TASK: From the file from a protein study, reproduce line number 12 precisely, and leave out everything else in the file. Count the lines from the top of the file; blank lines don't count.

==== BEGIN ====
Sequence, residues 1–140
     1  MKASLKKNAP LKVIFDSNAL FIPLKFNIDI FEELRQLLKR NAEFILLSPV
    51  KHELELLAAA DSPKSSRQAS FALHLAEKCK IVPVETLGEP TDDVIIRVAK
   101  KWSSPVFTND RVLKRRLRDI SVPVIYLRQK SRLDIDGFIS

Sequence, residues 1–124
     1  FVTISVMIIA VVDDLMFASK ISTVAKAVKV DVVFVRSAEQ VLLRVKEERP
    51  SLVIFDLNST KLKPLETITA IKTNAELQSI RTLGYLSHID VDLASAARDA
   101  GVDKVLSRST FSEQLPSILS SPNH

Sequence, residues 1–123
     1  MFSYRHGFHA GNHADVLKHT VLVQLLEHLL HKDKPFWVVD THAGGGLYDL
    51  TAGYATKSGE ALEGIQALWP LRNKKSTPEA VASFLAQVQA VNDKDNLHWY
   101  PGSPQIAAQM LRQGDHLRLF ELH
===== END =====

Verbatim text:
   101  PGSPQIAAQM LRQGDHLRLF ELH